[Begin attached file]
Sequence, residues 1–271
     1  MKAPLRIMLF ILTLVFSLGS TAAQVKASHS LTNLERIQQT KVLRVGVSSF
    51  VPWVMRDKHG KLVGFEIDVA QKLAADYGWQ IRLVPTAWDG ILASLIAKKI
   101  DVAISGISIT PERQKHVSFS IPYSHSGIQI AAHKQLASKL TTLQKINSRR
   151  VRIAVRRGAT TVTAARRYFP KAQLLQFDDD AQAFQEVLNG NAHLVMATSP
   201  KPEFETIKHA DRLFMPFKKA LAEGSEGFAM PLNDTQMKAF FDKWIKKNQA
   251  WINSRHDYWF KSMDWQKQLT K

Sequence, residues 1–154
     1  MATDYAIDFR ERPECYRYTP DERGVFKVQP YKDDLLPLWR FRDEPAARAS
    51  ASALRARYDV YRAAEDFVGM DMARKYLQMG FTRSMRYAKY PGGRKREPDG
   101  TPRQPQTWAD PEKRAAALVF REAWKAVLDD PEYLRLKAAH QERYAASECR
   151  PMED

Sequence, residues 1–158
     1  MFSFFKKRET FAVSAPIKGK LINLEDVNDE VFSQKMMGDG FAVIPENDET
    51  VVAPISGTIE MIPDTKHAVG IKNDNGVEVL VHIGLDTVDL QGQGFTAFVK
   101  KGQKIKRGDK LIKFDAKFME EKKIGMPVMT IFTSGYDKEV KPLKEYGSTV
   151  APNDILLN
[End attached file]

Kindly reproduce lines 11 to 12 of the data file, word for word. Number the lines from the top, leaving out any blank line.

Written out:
   101  TPRQPQTWAD PEKRAAALVF REAWKAVLDD PEYLRLKAAH QERYAASECR
   151  PMED